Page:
Questions there are obviously more questions than answers right now (who gets paid, what form does that compensation take?), but some less-obvious ripple effect questions:

What happens to the salaries of administrators and coaches?
Does this end the era of facilities expansion or do universities start reaching out to local communities for public funding like pro sports team have?
What happens to non-revenue sports and what are the associated Title IX implications?
Does this impact the willingness of donors to contribute?
I'm always curious at the "it pales in comparison to the value created..." argument.

Why is that a consideration at all? If you take a job making $50k/year and you provide $2M/year in value to your company do you deserve to make more than you agreed to in the beginning?

Secondly, the argument fails to take into account the risk and infrastructure costs that are 100% born by the schools. If an athlete doesn't pan out or gets injured he/she is still going to get the scholarship (usually) and the school is stuck carrying his costs for 4/5 years with no return.

Third, what's going to happen when the vast majority of schools decide they can't compete at the D1 level anymore because they already lose money (as does nearly every football program in the country already)? The majority of kids that are getting "just an education, housing, food" are going to be out completely.

I think this idea makes a lot of sense on paper, much like socialism, but isn't going to work out well in real life.
 

Shazzy

Recruit
I'm always curious at the "it pales in comparison to the value created..." argument.

Why is that a consideration at all? If you take a job making $50k/year and you provide $2M/year in value to your company do you deserve to make more than you agreed to in the beginning?

Secondly, the argument fails to take into account the risk and infrastructure costs that are 100% born by the schools. If an athlete doesn't pan out or gets injured he/she is still going to get the scholarship (usually) and the school is stuck carrying his costs for 4/5 years with no return.

Third, what's going to happen when the vast majority of schools decide they can't compete at the D1 level anymore because they already lose money (as does nearly every football program in the country already)? The majority of kids that are getting "just an education, housing, food" are going to be out completely.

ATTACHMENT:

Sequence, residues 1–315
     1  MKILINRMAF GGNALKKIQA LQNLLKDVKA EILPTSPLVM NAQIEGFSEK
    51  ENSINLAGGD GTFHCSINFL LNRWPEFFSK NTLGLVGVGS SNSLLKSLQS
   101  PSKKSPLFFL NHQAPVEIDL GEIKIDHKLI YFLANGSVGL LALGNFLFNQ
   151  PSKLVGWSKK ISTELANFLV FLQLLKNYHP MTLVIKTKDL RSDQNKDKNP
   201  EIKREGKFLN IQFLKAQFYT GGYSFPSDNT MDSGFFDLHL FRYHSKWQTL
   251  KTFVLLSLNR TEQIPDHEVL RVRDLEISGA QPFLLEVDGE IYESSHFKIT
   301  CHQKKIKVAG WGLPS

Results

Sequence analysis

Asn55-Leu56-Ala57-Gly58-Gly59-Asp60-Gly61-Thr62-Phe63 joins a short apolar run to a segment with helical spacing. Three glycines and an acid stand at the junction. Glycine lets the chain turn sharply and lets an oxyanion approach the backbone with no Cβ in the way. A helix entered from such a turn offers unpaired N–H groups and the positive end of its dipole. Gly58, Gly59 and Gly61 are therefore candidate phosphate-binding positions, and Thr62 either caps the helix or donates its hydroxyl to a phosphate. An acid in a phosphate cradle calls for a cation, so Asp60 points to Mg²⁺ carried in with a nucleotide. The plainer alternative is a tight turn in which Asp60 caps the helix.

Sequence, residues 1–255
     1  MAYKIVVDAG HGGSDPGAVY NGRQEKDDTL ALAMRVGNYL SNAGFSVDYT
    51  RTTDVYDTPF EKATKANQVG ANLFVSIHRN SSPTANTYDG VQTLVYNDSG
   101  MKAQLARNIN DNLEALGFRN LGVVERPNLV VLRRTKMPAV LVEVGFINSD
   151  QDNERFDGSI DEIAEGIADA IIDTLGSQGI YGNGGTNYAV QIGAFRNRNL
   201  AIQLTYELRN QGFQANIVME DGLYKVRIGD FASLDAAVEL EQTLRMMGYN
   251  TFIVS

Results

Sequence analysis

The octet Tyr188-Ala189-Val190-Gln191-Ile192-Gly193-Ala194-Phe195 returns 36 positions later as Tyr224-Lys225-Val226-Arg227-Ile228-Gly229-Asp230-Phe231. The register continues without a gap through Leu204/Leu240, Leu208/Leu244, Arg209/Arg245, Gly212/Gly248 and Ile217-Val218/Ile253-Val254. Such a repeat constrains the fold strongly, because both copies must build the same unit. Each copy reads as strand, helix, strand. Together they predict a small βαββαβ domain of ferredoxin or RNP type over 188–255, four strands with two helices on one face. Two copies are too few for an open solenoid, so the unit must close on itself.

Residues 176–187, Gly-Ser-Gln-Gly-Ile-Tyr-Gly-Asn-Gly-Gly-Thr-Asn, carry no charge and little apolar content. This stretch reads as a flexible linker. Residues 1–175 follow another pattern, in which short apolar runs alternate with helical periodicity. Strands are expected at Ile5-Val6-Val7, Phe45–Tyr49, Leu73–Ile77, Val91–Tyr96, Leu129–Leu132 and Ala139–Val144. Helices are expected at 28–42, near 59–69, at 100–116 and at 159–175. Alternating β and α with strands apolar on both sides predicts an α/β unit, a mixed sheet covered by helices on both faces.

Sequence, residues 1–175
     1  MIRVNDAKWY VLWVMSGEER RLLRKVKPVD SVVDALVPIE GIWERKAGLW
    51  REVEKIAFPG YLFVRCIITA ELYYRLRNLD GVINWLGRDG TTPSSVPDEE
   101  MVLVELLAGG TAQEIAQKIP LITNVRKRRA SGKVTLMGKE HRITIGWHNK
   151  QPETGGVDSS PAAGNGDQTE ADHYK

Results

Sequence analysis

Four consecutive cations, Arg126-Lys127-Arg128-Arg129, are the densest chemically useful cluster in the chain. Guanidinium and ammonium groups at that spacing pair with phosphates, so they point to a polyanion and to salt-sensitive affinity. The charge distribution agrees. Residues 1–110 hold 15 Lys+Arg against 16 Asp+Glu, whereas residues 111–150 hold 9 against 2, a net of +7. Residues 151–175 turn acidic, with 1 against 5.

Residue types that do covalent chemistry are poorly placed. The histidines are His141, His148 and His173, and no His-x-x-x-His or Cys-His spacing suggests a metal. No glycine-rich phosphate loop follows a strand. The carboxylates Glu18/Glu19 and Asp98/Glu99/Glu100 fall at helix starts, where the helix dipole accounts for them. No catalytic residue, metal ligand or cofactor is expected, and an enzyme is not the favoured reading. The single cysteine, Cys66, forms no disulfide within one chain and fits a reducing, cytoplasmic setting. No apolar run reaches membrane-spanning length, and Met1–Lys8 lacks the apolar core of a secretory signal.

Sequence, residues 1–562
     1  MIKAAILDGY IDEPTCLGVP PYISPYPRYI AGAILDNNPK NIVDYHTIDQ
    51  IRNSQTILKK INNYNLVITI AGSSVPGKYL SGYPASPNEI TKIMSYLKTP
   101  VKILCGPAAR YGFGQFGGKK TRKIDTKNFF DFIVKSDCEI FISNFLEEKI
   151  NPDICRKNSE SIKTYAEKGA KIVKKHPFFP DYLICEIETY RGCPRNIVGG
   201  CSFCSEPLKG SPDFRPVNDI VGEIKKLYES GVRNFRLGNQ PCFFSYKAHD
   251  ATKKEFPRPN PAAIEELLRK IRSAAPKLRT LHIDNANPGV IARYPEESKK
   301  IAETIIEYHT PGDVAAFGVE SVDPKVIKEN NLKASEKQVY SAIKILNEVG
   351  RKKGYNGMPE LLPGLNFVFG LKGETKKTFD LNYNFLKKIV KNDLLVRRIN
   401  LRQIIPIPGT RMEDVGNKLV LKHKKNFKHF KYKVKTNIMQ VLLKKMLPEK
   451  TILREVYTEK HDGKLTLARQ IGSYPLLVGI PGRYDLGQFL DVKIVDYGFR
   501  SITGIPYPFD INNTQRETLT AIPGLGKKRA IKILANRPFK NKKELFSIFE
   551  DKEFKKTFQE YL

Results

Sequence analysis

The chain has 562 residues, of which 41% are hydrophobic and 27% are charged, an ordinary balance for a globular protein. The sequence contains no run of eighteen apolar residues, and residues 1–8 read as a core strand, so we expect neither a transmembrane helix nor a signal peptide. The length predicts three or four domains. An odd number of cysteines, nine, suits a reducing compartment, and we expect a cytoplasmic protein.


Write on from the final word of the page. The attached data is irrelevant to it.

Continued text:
I think this idea makes a lot of sense on paper, much like socialism, but isn't going to work out well in real life.
Finding an excuse to bad-mouthing socialism while describing the highest form of capitalism takes some talent. Well played sir.
 
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The only job the court has is to interpret the law and make a decision. The NCAA is now so neutered I doubt they can do anything any longer that effects the real world. This will be a complete free for all and the big boys always win those.
This pretty much completes my loss of interest in college sports. I will catch a few games now and then, but it will no longer be a Saturday must see. They may make more money but the fans will eventually have a say in all of this.
I mean, the USSC ruled last summer that nearly half of Oklahoma is an Indian reservation for the purposes of prosecutorial authority, throwing like a century and a half of legal cases & governmental action into question because they didn't provide any real framework on how broadly to interpret the decision. I get they don't make law, but IMO their ruling should be intended to include some practical outline that doesn't just kick the table out from underneath everything without saying which parts of the table are not allowed.

Same deal here, probably going to have a very uneven playing field as different schools & states play a guessing game with what will be allowed.

Like you alluded to, probably gonna be unforeseen consequences that change the landscape well beyond the short-term checks that are being cashed.